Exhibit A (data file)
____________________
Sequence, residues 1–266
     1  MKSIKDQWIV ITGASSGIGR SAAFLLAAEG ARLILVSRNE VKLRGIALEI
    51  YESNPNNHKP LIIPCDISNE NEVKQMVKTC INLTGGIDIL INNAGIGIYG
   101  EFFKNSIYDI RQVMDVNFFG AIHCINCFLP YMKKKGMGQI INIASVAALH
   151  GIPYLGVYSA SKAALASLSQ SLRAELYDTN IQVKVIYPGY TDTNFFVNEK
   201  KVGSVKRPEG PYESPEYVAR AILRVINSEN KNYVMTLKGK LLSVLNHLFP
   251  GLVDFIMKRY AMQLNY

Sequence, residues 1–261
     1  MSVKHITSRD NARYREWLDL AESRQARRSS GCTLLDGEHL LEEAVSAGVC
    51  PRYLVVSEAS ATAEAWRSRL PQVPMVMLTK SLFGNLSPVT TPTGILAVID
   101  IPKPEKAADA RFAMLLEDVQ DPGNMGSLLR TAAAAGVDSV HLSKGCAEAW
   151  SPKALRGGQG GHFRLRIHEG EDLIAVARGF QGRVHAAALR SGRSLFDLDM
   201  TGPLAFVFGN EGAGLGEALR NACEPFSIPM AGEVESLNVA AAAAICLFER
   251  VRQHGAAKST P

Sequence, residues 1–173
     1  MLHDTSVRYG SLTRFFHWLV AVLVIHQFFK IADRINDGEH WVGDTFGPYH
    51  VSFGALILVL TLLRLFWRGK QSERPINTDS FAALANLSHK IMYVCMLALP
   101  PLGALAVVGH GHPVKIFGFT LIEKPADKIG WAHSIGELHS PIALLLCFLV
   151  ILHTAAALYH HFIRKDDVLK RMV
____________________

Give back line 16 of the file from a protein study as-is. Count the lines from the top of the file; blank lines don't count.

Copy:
     1  MLHDTSVRYG SLTRFFHWLV AVLVIHQFFK IADRINDGEH WVGDTFGPYH